Galen Murton is an assistant professor in the Geographic Science Program in the School of Integrated Sciences at James Madison University (Harrisonburg, Virginia). He recently completed a Marie S. Curie fellowship at Ludwig Maximilian University of Munich on the project Road Diplomacy. His current research examines the geopolitical dimensions of post-disaster infrastructure development, and especially that of Chinese road construction in Himalayan regions of Nepal and Tibet. He received his BA from Middlebury College in 2000.


The Power of Blank Spaces: A critical cartography of China’s Belt and Road Initiative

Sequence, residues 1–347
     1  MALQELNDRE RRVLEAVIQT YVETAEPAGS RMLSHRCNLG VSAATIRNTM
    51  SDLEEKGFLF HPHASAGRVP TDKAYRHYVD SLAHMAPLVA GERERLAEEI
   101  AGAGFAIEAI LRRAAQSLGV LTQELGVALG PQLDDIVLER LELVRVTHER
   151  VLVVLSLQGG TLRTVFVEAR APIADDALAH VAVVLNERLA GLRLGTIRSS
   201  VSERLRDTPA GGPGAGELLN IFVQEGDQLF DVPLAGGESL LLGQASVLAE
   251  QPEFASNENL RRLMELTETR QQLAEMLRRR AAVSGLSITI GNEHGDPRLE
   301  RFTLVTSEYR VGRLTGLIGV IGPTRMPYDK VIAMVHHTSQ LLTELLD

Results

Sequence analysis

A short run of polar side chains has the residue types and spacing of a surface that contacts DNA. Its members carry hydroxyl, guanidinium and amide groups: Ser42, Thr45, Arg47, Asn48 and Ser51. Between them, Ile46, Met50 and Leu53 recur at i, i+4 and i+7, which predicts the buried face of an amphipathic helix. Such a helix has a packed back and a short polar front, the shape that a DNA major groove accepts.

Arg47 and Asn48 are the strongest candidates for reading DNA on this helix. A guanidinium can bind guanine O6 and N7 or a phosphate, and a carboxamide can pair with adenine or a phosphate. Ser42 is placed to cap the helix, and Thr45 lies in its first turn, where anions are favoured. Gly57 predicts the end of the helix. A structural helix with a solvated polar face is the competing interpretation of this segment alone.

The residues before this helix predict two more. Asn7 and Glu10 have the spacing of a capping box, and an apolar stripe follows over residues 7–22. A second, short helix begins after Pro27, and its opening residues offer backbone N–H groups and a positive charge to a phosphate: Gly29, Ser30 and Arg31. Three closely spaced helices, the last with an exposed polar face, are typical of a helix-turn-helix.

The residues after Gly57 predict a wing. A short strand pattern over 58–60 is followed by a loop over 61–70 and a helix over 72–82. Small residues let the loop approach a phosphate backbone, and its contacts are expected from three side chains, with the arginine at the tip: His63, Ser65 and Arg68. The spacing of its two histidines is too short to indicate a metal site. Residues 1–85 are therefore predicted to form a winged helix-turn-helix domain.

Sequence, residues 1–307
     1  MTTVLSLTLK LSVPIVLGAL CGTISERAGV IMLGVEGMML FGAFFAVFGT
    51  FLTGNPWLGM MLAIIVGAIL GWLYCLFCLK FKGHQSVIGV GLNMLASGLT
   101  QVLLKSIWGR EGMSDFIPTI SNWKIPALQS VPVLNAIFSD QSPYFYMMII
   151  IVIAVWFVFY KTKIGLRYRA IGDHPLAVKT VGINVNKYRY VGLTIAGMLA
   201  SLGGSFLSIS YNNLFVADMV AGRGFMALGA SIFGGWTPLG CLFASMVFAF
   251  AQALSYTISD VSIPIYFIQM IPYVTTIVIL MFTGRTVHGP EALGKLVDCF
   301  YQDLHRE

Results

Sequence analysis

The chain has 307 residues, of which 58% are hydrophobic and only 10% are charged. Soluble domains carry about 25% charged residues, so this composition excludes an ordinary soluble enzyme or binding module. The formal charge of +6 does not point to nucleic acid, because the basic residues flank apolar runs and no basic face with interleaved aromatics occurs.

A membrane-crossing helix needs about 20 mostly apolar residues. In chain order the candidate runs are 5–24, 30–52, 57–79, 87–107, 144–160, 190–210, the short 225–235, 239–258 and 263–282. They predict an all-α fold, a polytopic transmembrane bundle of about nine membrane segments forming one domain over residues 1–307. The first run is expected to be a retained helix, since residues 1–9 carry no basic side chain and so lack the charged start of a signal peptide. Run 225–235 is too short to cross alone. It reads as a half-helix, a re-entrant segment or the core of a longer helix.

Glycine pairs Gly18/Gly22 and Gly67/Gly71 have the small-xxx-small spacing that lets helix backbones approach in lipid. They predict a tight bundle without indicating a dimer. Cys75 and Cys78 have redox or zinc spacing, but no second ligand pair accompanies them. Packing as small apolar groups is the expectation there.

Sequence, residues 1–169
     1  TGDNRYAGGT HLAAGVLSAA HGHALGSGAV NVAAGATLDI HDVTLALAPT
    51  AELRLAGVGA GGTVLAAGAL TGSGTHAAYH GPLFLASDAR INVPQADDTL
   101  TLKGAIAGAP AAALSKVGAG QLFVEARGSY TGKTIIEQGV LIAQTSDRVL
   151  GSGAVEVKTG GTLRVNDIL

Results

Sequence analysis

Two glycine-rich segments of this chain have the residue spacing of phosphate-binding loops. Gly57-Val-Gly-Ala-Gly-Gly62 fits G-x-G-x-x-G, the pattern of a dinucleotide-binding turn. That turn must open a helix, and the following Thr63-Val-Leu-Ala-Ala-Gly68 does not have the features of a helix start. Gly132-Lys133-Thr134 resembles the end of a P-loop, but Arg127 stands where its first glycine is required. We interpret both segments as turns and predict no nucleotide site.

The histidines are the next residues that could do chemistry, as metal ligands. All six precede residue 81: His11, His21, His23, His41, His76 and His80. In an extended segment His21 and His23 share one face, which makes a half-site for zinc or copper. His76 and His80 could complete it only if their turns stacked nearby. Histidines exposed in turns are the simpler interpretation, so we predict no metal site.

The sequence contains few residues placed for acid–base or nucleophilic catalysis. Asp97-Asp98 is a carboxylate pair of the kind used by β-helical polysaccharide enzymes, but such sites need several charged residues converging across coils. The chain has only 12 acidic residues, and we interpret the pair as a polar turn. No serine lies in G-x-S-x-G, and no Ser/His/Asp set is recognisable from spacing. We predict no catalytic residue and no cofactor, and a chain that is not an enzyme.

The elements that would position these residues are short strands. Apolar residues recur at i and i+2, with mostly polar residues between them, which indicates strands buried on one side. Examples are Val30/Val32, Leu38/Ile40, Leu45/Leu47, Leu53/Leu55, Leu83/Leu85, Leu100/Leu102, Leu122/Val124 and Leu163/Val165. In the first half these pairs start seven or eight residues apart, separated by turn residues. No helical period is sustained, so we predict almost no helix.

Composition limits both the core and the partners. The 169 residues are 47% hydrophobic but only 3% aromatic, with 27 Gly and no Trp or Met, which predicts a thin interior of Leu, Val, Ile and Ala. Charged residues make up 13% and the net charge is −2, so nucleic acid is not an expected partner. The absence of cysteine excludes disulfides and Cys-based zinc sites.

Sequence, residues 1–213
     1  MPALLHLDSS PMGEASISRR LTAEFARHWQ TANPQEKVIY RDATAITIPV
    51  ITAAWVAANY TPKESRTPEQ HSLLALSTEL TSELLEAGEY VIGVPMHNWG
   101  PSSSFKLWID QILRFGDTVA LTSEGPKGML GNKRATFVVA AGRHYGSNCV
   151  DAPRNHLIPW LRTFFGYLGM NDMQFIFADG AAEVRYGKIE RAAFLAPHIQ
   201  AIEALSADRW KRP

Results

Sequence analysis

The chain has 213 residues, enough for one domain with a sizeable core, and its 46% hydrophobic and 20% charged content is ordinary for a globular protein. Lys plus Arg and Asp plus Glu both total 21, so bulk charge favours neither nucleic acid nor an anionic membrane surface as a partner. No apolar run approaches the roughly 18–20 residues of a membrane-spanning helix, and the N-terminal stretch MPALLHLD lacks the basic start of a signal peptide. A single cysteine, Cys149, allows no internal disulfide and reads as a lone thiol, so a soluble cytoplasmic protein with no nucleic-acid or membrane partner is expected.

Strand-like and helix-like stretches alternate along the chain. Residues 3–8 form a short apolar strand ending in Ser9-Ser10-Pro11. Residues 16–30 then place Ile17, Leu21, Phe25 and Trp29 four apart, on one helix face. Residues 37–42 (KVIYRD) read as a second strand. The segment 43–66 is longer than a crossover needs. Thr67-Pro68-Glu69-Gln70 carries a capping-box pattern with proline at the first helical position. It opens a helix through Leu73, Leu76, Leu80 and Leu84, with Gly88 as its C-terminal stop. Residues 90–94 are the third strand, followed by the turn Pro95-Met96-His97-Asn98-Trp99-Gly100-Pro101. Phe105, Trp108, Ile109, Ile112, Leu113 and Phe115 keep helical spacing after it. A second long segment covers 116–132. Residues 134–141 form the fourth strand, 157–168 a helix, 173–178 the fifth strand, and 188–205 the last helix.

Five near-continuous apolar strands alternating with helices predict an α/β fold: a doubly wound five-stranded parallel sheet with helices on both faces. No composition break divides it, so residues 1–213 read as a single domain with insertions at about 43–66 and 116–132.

A variety of maps depict a usefully approximate but inexact network of roads, rails, sea lanes, and other transport infrastructures to represent something called China’s Belt and Road Initiative (BRI). And yet, for a global infrastructural program that reflects and advances Beijing’s ambition to become a leader of international development, BRI maps remain surprisingly imprecise and unofficial. Informed by previous “mappings of empire” (Edney 1999), I read BRI maps as “usefully fuzzy” (Nairn and Agnew 2019) texts of “cartographic silence” (Harley 2001) to show how they do work (Wood 2010) in the negative register of empty space. Examining the paradox between widespread Chinese developments across Highland Asia-Tibetan Plateau and the region’s conspicuous absence from many BRI maps, this paper highlights some fundamental connections between cartography and empire and underscores how mapping is both a strategic “state of the art” and an imperial “art of the state” (Mundy 1996).

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